Forecasting the Pacific Division and where the Golden Knights fit

It’s not the strongest division, but there’s a lot of intrigue.

Through two seasons, and rather surprisingly if we’re honest, the Vegas Golden Knights have been one of the top teams in the Pacific Division.

Two appearances in the Stanley Cup Playoffs put the Golden Knights in contention to win one of the NHL’s weirdest divisions, and the 2020 season will be no exception. There has been some significant turnover across the pecking order, while there’s hope and optimism for those still scratching the surface.

And then there are those moves where you just shrug and go about your business.

The Golden Knights are expected to contend for the Pacific Division, and likely win it, in Year 3 despite an offseason that has can be arguably labeled as a failure. That’s how good Vegas is.

Let’s look forward to what lies ahead with the Pacific this season.

Arizona Coyotes

Additions: Phil Kessel (trade), Dane Birks (trade), Carl Soderberg (trade), Beau Bennett, Victor Soderstrom (draft)

Departures: Alex Galchenyuk, Pierre-Olivier Joseph, Kevin Connauton

When gathering the family for Thanksgiving, there’s usually two tables; one for the adults and one for the kids. Last season, the Coyotes were the little kid that felt he was ready to sit at the big-people table much sooner than anticipated.

Arizona somehow, nearly, inconceivably almost made the playoffs last season. The Coyotes finished four points behind the Colorado Avalanche for the second wild card in the Western Conference. They played the second half of the season with anybody that possessed an inkling of skating ability. Antti Raanta started only 12 games. Darcy Kuemper played at a Vezina caliber in his absence. Their highest point scorer was a whopping 47 from Clayton Keller, with captain defenseman Oliver Ekman-Larsson right behind at 44.

And yet they finished with 86 points, going 22-14-5 in the second half. The Coyotes nearly jumped the Golden Knights in the Pacific Division at one point. The race was neck-and-neck. So, what does Arizona do after such a surge? They trade for Phil freaking Kessel, who scored 82 points last season in Pittsburgh, which if you do the math, is ONE MORE POINT THAN KELLER AND EKMAN-LARSSON COMBINED.

Adding Kessel is good enough to make the Coyotes a threat. They’re still developing under Rick Tocchet. The hope is Arizona builds on last year, and that starts with a healthy Raanta. Adding Carl Soderberg in a trade with Colorado gives the Coyotes more scoring punch in their middle six. Arizona will benefit from a healthy Nick Schmaltz, who missed the final four months with a knee injury. The Coyotes signed Schmaltz to a seven-year, $40.95 million ($5.85 million AAV) on March 30. They acquired Schmaltz in a deal with the Blackhawks for Dylan Strome and Brendan Perlini.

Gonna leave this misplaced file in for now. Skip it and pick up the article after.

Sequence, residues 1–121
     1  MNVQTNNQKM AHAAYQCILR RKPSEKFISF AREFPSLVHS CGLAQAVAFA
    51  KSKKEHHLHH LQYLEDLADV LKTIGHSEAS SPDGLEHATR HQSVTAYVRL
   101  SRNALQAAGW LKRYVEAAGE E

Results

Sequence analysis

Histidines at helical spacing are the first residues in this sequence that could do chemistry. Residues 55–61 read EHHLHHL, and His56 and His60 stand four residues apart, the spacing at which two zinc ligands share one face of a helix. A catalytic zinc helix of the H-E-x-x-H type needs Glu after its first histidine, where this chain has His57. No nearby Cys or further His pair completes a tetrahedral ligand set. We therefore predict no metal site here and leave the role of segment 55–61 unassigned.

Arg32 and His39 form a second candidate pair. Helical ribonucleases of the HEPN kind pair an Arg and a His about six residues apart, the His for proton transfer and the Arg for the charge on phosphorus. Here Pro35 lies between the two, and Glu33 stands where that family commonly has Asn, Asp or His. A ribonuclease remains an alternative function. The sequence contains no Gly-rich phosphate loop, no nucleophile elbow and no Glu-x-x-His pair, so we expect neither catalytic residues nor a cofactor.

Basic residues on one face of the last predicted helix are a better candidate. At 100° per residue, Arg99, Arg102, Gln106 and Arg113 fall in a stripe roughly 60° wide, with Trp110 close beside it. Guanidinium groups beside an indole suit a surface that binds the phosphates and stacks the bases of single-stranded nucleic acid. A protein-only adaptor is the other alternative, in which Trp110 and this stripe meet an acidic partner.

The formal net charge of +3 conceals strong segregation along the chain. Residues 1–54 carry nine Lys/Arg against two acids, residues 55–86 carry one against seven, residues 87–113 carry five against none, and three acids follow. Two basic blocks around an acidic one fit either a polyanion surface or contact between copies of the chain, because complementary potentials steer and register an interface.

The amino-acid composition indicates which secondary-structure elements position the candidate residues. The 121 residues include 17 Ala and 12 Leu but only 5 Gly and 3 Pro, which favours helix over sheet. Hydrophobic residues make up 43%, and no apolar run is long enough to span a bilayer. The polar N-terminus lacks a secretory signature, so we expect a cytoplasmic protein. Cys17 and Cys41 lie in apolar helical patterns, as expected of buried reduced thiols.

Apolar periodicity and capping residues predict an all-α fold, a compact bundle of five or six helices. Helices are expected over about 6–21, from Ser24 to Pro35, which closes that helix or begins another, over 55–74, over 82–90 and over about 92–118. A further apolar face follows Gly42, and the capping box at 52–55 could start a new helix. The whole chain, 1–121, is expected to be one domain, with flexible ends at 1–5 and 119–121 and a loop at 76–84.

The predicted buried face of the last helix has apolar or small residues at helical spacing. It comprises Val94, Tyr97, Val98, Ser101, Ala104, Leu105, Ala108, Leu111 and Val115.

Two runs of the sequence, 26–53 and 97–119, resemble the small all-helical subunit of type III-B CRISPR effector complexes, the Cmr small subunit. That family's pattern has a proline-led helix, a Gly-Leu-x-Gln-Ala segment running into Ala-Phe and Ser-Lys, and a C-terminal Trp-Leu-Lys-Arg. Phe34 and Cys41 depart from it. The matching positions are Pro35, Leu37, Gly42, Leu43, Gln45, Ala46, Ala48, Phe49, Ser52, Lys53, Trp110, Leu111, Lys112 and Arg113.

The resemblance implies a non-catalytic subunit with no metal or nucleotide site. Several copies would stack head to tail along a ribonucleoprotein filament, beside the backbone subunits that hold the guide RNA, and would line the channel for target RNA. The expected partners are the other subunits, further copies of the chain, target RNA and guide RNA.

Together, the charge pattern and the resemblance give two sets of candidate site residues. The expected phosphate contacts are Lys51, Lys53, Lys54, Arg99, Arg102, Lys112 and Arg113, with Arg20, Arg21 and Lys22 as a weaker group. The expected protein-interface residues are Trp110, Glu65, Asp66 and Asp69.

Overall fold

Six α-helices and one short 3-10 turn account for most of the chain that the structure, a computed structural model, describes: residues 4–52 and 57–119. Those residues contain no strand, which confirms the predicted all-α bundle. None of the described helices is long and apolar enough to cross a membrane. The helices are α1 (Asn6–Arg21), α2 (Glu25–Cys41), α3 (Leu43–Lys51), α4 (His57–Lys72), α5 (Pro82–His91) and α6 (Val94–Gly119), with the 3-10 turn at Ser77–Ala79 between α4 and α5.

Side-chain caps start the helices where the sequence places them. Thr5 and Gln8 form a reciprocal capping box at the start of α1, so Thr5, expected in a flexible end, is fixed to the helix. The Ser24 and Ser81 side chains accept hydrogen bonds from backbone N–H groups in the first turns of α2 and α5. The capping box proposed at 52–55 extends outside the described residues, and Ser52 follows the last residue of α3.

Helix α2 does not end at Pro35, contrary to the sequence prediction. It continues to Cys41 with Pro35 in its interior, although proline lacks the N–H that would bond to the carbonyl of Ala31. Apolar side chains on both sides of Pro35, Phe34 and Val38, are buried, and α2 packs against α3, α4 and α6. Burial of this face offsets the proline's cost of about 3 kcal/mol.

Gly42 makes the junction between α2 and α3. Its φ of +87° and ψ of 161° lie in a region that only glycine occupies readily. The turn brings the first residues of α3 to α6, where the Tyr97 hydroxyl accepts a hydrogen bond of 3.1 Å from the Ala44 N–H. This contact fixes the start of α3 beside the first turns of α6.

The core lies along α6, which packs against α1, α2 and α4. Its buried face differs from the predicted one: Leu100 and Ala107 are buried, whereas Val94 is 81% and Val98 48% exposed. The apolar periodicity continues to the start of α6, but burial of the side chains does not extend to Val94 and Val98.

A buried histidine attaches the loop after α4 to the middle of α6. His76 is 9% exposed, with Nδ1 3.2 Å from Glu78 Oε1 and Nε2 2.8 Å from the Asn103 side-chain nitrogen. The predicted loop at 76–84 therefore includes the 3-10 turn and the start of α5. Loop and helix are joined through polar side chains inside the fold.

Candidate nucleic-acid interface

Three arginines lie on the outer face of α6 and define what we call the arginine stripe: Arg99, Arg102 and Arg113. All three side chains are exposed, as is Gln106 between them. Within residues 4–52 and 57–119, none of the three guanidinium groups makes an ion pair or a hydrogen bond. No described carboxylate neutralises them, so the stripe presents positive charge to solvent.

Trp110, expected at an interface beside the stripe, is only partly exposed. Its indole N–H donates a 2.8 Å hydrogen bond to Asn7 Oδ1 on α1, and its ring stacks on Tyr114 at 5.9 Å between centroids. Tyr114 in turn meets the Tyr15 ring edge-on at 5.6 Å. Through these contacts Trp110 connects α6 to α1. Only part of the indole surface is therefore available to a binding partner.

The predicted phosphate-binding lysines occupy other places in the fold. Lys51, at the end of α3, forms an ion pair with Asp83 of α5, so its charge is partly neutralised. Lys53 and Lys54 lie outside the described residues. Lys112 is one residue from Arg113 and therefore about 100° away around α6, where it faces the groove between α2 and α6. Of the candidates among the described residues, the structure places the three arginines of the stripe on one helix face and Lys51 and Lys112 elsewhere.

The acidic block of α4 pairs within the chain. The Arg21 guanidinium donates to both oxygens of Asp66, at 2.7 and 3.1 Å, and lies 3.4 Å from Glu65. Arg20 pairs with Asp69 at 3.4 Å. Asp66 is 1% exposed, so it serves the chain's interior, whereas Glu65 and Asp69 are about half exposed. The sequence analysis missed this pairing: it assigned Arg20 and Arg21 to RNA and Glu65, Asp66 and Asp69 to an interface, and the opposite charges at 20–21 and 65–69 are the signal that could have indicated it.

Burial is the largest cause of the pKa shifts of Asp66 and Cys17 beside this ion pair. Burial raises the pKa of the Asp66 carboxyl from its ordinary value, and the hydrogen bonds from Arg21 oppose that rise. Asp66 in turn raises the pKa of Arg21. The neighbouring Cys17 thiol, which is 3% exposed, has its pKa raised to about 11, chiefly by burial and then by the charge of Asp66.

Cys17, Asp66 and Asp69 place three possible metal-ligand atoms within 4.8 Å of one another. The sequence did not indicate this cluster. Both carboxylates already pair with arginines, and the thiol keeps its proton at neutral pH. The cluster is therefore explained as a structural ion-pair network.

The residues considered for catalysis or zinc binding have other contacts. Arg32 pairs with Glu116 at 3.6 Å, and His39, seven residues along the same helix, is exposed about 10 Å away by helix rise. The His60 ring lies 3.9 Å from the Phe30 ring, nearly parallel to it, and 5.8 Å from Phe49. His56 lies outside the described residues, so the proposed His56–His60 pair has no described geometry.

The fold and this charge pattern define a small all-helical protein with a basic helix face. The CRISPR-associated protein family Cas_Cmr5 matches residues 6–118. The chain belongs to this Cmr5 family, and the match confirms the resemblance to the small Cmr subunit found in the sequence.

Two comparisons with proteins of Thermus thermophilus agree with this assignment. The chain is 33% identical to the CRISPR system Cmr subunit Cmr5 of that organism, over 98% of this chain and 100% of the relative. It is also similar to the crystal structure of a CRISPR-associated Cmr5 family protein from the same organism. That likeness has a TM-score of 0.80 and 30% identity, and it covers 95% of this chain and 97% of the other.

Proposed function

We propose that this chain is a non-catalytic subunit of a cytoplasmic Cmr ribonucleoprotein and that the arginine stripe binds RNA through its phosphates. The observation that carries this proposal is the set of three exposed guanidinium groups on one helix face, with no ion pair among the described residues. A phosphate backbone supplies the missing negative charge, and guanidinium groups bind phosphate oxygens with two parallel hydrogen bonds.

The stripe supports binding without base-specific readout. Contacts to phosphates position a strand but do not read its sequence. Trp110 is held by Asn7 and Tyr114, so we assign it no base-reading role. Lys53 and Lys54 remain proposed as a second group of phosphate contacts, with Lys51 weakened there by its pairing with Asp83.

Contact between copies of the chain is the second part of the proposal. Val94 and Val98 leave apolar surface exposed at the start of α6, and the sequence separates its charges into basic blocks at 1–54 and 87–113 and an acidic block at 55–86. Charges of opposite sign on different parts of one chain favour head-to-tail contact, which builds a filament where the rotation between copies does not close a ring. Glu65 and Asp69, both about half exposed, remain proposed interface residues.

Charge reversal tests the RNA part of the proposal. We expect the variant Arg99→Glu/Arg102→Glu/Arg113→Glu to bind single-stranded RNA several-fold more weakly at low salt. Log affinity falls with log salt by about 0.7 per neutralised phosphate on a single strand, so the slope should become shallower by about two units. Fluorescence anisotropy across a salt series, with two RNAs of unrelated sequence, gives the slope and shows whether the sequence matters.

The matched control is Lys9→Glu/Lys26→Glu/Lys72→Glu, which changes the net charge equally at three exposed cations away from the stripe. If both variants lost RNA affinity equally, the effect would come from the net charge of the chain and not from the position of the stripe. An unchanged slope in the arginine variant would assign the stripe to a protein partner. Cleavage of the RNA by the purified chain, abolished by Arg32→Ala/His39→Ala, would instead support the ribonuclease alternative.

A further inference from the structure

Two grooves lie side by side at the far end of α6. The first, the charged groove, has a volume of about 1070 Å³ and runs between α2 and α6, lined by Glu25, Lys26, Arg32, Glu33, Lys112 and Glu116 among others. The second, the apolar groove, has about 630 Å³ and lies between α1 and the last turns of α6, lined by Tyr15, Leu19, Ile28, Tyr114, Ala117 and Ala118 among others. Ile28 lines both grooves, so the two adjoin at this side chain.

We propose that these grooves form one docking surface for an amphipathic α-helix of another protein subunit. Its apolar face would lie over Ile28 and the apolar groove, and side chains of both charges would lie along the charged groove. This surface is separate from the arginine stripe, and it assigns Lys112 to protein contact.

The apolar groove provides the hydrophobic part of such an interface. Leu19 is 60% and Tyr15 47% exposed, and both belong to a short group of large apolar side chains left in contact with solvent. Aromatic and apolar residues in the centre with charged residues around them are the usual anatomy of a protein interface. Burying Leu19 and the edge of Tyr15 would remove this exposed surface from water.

It might not be long before the Coyotes establish themselves with a seat at the big-people table for Thanksgiving. But will there be enough turkey to go around?

Anaheim Ducks

Additions: Dallas Eakins (coach), Trevor Zegras (draft), Anthony Stolarz, Michael Del Zotto

Departures: Corey Perry

It’s an interesting time for the Ducks.

They’re not good to make the playoffs, but are they bad enough to go through a complete rebuild?

That’s the question new coach Dallas Eakins has to answer. Eakins was hired in June from San Diego of the AHL, Anaheim’s affiliate, to right the ship that saw general manager Bob Murray be the coach at one point last season. Things got topsy-turvy in the Land of the Mouse.

Ryan Getzlaf is still the captain, but the 34-year-old forward is coming off a 48-point season in 67 games played. He has two years remaining on his contract at $8.25 million AAV. After Getzlaf, the Ducks are going to look much different. Ryan Kesler will likely miss this season after undergoing hip surgery, and longtime Anaheim favorite Corey Perry was bought out this summer. Perry signed with the Dallas Stars on July 1.

This will be an opportunity for the Ducks to throw their youth into some top minutes. Max Comtois will be the top name. He had seven points in 10 games with Anaheim before going back to juniors (48 points in 25 games with Drummondville of the QMJHL), and was a top-line forward for Canada in world juniors this past winter. Sam Steel could also join the Ducks this season. Their first-round pick in 2016 had 11 points in 22 games with Anaheim, including his first hat trick on March 26. He had 41 points in 53 games with San Diego.

Anaheim loaded up its offensive prospect pool with drafting Trevor Zegras with the ninth pick in June’s draft. If the full-on rebuild starts in 2020, Zegras could very well be on the Ducks in 2021.

Anaheim shouldn’t make the playoffs next year, but the trajectory will be interesting to follow.

Calgary Flames

Additions: Milan Lucic (trade), Cam Talbot, Jakob Pelletier (draft), Oscar Fantenberg